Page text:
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Relative importance of nitrogen sources, algal alarm cues and grazer exposure to toxin production of the marine dinoflagellate Alexandrium catenella

Griffin, Jessica E., Park, Gihong, Dam, Hans G.
Harmful algae 2019 v.84 pp. 181-187
Acartia hudsonica, Alexandrium catenella, Bacillariophyceae, Tetraselmis, Thalassiosira, ammonium, biotic factors, nitrogen, paralytic shellfish toxins, poisonous algae, seawater, urea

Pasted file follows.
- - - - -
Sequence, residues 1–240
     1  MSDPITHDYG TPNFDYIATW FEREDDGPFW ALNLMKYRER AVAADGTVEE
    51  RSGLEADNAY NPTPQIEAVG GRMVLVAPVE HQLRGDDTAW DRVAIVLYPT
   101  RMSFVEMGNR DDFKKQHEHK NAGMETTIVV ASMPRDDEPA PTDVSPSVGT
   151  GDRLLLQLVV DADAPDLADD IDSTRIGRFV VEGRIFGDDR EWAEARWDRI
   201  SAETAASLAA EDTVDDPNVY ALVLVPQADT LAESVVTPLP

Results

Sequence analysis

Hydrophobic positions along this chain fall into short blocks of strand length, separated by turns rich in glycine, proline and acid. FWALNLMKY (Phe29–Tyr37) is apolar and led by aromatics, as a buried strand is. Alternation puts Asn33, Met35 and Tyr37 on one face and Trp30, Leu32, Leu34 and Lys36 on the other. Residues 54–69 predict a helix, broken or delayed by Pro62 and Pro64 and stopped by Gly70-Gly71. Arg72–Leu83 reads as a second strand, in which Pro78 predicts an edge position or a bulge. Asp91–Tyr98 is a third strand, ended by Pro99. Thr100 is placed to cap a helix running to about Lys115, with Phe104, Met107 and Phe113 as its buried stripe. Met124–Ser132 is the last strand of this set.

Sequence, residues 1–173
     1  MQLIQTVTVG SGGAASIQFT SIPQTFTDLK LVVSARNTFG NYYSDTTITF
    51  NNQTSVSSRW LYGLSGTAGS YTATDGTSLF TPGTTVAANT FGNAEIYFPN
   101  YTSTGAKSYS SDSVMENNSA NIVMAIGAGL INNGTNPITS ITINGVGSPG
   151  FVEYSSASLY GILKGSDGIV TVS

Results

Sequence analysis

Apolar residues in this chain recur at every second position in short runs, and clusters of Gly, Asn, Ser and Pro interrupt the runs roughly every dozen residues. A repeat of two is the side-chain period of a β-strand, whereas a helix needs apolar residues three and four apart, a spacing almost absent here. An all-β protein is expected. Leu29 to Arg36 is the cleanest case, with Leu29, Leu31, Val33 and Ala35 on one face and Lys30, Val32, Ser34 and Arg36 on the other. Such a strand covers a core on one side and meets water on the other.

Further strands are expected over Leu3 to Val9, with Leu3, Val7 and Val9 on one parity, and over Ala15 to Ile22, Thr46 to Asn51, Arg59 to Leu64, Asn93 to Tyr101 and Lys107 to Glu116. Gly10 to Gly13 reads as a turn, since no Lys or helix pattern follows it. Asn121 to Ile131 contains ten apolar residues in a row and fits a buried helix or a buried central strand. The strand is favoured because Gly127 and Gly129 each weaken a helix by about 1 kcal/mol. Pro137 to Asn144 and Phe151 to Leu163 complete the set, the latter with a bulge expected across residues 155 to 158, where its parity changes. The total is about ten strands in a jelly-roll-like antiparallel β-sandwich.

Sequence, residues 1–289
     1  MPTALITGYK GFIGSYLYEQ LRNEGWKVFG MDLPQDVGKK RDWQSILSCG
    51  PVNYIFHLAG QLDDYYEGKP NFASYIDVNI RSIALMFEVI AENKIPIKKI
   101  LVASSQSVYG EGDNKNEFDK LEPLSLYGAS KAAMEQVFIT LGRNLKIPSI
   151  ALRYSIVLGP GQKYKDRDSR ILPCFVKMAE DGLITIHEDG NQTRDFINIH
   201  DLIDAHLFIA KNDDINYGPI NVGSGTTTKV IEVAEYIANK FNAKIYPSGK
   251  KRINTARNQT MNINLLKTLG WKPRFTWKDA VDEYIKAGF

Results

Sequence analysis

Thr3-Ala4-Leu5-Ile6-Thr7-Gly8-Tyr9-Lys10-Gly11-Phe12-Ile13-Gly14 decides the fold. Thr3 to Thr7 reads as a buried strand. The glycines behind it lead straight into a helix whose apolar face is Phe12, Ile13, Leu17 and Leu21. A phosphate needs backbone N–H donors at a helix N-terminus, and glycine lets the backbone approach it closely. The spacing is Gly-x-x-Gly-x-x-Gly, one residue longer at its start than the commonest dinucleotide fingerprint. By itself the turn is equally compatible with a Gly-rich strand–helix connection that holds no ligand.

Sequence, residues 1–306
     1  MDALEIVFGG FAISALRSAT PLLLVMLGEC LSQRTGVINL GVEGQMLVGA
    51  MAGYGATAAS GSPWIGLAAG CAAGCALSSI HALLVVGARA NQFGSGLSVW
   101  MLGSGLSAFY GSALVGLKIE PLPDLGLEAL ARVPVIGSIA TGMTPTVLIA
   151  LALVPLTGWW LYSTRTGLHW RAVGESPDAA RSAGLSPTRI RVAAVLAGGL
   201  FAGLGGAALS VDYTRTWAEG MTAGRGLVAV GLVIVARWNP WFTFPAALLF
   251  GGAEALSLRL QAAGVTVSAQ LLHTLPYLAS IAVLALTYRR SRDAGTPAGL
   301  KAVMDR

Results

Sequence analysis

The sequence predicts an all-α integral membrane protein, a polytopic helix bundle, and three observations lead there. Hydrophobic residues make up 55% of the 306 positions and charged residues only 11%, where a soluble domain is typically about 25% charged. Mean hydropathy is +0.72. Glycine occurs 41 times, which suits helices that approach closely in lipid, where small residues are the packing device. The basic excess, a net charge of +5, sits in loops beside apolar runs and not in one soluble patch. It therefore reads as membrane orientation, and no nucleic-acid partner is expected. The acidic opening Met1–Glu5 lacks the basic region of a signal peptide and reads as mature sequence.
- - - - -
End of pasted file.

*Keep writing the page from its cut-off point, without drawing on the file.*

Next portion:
Dinoflagellate paralytic shellfish toxin (PST) production is mediated by several abiotic and biotic factors. This study compared the relative importance of nitrogen source and concentration, prey alarm cues and grazer presence on toxin production of the marine dinoflagellate Alexandrium catenella (Group I, strain BF-5). In separate assays run under either nutrient-replete (F/2 medium) or nutrient-depleted (filtered seawater) conditions, PST production of A. catenella was measured as a function of varying concentrations of added nitrogen sources (ammonium and urea), alarm cues from lysed conspecific (A. catenella Group I strains) and interspecific (the diatom, Thalassiosira weissflogii, and the green flagellate, Tetraselmis sp.) algae, and the presence of a grazer (the copepod Acartia hudsonica). Results showed that addition of ammonium or urea did not increase PST production. Unexpectedly, interspecific alarm cues increased toxin production but conspecific ones did not. Grazer presence dramatically induced PST production in A. catenella, irrespective of nutrient conditions, and this effect was an order of magnitude greater than any of the other variables tested. These results corroborate previous studies on grazer-induced PST production, and support the hypothesis that grazer-induced toxin production is not an experimental artifact, but rather a prey defense mechanism.